Thank-you for your question.
The British Columbia Cancer Agency and the US Center for Disease
Control and Prevention were the first two laboratories to report the
sequencing of the two major strains of the SARS virus. In reality, no
one company, laboratory or individual can really be said to have
broken the SARS genome, it was a collaborative effort coordinated by
the World Health Organization. Without the help from laboratories and
scientists from around the world breaking the code would have taken
longer. The laboratories involved in this work are cited in the
references below and in Science Magazine.
"On 17 March 2003, WHO called upon 11 laboratories in 9 countries to
join a collaborative multi-center research project on SARS diagnosis.
This network takes advantage of modern communication technologies
(e-mail; secure web site) to share outcomes of investigation of
clinical samples from SARS cases in real time. Daily assessment of
research results supports immediate refinement of investigative
strategies and permits instant validation of laboratory findings.
Network members share on the secure WHO web site electron microscopic
pictures of viruses, sequences of genetic material for virus
identification and characterization, virus isolates, various samples
from patients and post-mortem tissues. Samples from one and the same
patient can be analysed in parallel in several laboratories and
results shared in real time. This network joins the intellectual
resources of leading laboratories worldwide for a common goal: the
detection of the SARS agent and the development of a diagnostic test."
"The rapid sequencing of the SARS virus genome was facilitated by
collaboration with numerous other scientists, also working non-stop,
at laboratories in a WHO network set up in mid-March (2003)."
"In a tour de force of genomics, government research centers in Canada
and the US decoded the genome of the coronavirus - which was proven to
be the cause of SARS. The British Columbia Cancer Agency (BCCA) in
Vancouver was the first to sequence the SARS genome in the early hours
of Sunday, April 13, 2003,3 followed closely by the Center for Disease
Control and Prevention (CDC) of the US on April 14, 2003."
"Canadian scientists working around the clock have fully sequenced of
the genome of the SARS virus. This major step forward will expedite
development of improved diagnostic tests and underpin work on a
vaccine. The rapid sequencing of the SARS virus genome is the result
of scientific collaboration between numerous laboratories in a WHO
network set up in mid-March 2003."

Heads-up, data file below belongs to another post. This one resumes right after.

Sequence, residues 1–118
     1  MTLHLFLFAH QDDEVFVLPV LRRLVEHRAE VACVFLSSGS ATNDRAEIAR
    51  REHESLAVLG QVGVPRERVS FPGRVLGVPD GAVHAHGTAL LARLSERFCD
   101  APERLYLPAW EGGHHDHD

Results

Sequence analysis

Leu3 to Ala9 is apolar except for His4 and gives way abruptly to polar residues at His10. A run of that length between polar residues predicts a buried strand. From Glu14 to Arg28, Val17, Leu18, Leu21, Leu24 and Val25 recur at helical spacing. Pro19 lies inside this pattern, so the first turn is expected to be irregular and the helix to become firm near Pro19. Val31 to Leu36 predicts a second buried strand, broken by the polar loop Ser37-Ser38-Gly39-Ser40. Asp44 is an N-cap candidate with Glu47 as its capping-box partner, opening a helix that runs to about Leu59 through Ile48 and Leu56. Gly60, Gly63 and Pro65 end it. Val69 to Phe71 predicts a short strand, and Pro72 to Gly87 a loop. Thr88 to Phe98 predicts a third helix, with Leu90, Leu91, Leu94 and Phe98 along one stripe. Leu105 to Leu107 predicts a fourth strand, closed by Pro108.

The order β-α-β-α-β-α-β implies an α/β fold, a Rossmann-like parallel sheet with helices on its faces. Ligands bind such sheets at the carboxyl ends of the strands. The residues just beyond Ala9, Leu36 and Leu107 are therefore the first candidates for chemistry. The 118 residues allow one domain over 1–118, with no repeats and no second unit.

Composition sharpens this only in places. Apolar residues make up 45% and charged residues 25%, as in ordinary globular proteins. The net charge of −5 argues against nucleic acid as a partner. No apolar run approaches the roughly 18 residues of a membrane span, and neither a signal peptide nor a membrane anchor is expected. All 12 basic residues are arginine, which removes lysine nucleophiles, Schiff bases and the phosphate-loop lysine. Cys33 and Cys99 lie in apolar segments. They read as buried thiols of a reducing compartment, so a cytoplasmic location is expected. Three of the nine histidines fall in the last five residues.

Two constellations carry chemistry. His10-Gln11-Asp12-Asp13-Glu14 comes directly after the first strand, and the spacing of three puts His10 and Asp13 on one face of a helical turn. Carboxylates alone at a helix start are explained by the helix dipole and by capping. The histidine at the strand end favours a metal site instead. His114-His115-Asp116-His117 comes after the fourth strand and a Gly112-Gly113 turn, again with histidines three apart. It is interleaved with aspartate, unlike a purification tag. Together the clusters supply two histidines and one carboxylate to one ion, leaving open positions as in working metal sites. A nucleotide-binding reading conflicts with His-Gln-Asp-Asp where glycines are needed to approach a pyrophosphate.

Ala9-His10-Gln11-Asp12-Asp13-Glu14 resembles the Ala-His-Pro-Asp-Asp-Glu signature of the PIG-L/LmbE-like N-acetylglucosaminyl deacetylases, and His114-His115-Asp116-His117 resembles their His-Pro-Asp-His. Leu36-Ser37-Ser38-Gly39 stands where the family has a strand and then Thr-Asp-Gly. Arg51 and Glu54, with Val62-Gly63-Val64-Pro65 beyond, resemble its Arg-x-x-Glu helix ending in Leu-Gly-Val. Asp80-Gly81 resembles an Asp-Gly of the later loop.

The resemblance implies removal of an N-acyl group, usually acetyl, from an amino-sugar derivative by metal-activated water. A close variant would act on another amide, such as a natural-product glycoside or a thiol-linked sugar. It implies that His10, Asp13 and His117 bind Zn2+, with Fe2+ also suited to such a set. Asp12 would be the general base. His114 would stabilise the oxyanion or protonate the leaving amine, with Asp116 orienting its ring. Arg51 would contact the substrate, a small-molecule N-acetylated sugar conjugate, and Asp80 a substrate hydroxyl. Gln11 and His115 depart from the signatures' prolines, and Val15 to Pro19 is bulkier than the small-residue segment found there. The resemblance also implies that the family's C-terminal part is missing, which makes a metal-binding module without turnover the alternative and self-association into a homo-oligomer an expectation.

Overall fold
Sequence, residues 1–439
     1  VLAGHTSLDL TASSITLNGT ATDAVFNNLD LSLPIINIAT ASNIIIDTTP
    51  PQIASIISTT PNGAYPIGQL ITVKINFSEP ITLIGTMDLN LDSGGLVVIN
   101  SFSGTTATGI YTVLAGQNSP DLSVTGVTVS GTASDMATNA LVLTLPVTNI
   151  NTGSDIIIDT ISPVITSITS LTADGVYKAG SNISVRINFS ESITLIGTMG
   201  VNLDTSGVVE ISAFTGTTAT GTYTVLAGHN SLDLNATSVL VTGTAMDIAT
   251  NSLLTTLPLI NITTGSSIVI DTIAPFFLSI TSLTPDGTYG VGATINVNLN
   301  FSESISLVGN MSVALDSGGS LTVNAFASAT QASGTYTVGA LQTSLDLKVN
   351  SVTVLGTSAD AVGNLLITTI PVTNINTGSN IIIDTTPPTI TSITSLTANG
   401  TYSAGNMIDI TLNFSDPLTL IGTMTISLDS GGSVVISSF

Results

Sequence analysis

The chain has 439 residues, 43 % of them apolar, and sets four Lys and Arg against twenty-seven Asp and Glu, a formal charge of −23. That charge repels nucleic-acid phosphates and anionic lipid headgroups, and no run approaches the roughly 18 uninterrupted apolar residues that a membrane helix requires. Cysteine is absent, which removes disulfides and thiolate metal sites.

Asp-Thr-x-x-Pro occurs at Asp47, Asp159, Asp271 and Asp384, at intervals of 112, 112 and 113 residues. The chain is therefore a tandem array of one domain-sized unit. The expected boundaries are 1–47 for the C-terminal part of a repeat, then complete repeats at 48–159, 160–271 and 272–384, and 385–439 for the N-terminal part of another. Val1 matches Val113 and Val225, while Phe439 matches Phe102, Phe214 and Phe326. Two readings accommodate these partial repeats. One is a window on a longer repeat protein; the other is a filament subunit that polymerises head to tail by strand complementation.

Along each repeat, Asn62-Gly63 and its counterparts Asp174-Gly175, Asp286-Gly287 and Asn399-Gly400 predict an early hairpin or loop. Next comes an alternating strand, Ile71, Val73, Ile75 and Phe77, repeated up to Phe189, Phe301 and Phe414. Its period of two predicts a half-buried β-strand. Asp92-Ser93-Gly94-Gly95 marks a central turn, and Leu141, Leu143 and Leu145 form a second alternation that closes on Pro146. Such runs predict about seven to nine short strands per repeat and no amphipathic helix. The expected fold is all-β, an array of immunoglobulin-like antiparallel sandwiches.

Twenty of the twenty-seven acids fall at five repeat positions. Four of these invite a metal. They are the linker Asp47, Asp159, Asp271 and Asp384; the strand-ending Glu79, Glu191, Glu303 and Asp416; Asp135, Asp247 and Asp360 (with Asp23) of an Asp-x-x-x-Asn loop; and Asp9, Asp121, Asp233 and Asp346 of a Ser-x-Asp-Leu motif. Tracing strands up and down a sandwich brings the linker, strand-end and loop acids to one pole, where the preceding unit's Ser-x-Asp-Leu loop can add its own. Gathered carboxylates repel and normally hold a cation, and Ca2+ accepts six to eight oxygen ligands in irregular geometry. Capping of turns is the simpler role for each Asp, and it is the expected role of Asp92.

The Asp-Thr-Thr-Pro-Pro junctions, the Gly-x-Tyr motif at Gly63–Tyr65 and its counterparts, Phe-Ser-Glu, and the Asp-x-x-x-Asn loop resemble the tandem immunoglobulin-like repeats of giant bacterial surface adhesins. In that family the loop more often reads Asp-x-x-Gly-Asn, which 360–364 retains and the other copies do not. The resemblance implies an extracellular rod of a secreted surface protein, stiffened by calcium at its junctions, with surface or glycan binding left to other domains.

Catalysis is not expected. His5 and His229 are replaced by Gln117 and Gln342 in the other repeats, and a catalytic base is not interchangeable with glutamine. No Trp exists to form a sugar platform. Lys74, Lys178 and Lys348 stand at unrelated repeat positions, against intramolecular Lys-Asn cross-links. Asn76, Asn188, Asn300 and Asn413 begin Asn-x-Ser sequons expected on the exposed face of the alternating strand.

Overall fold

"British Columbia Cancer Agency and CDC researchers were among many at
11 laboratories worldwide who have been collaborating in the effort to
identify the cause of SARS and devise a vaccine or a treatment."
"On April 14, 2003, the Centers for Disease Control and Prevention
(CDC) announced the completion of the full-length genetic sequencing
of the genome of the SARS-associated coronavirus (SARS-CoV). The
sequence data confirmed that SARS-CoV is a previously unrecognized
coronavirus. Information provided by collaborators at the National
Microbiology Laboratory, Canada; University of California at San
Francisco; Erasmus University, Rotterdam; and Bernhard-Nocht
Institute, Hamburg, facilitated the sequencing effort."
Papers were published in Science Magazine detailing the breaking of the genome:
"Characterization of a Novel Coronavirus Associated with Severe Acute
Paul A. Rota, M. Steven Oberste, Stephan S. Monroe, W. Allan Nix, Ray
Campagnoli, Joseph P. Icenogle, Silvia Peñaranda, Bettina Bankamp,
Kaija Maher, Min-hsin Chen, Suxiong Tong, Azaibi Tamin, Luis Lowe,
Michael Frace, Joseph L. DeRisi, Qi Chen, David Wang, Dean D. Erdman,
Teresa C. T. Peret, Cara Burns, Thomas G. Ksiazek, Pierre E. Rollin,
Anthony Sanchez, Stephanie Liffick, Brian Holloway, Josef Limor, Karen
McCaustland, Melissa Olsen-Rasmussen, Ron Fouchier, Stephan Günther,
Albert D. M. E. Osterhaus, Christian Drosten, Mark A. Pallansch, Larry
J. Anderson, William J. Bellini1"
The scientists cited on this paper came from:
* National Center for Infectious Diseases, Centers for Disease Control
and Prevention, Atlanta, USA.
* Departments of Biochemistry and Biophysics, University of
California?San Francisco, USA.
* Department of Virology, Erasmus University, Netherlands.
* Department of Virology, Bernhard Nocht Institute for Tropical
Medicine, Hamburg, Germany.
"The Genome Sequence of the SARS-Associated Coronavirus
Marco A. Marra, Steven J. M. Jones, Caroline R. Astell, Robert A.
Holt, Angela Brooks-Wilson, Yaron S. N. Butterfield, Jaswinder
Khattra, Jennifer K. Asano, Sarah A. Barber, Susanna Y. Chan, Alison
Cloutier, Shaun M. Coughlin, Doug Freeman, Noreen Girn, Obi L.
Griffith, Stephen R. Leach, Michael Mayo, Helen McDonald, Stephen B.
Montgomery, Pawan K. Pandoh, Anca S. Petrescu, A. Gordon Robertson,
Jacqueline E. Schein, Asim Siddiqui, Duane E. Smailus, Jeff M. Stott,
George S. Yang, Francis Plummer, Anton Andonov, Harvey Artsob,
Nathalie Bastien, Kathy Bernard, Timothy F. Booth, Donnie Bowness,
Martin Czub, Michael Drebot, Lisa Fernando, Ramon Flick, Michael
Garbutt, Michael Gray, Allen Grolla, Steven Jones, Heinz Feldmann,
Adrienne Meyers, Amin Kabani, Yan Li, Susan Normand, Ute Stroher,
Graham A. Tipples, Shaun Tyler, Robert Vogrig, Diane Ward, Brynn
Watson, Robert C. Brunham, Mel Krajden, Martin Petric, Danuta M.
Skowronski, Chris Upton, Rachel L. Roper"
The scientists cited on this paper came from:
* British Columbia Cancer Agency (BCCA) Genome Sciences Centre
* National Microbiology Laboratory, Manitoba, Canada.
* British Columbia Centre for Disease Control and University of
British Columbia Centre for Disease Control
* Department of Biochemistry and Microbiology, University of Victoria, Canada.
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